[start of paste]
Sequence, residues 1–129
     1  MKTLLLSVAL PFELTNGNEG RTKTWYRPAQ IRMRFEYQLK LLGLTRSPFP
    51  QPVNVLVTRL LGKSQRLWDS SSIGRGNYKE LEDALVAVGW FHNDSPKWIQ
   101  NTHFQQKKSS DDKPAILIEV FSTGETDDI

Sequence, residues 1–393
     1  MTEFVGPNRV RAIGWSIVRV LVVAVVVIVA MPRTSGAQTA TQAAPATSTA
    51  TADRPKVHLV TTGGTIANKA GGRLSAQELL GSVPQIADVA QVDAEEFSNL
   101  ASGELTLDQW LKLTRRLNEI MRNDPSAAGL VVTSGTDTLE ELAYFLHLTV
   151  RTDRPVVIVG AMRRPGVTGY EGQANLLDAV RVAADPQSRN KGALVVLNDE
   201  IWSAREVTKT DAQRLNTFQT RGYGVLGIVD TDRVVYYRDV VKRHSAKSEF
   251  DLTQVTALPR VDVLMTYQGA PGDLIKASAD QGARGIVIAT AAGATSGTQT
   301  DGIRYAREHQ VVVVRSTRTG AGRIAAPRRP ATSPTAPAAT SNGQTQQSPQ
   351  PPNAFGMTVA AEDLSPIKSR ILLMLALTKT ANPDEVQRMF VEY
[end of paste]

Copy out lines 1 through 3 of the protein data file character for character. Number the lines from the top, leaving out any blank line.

Sequence, residues 1–129
     1  MKTLLLSVAL PFELTNGNEG RTKTWYRPAQ IRMRFEYQLK LLGLTRSPFP
    51  QPVNVLVTRL LGKSQRLWDS SSIGRGNYKE LEDALVAVGW FHNDSPKWIQ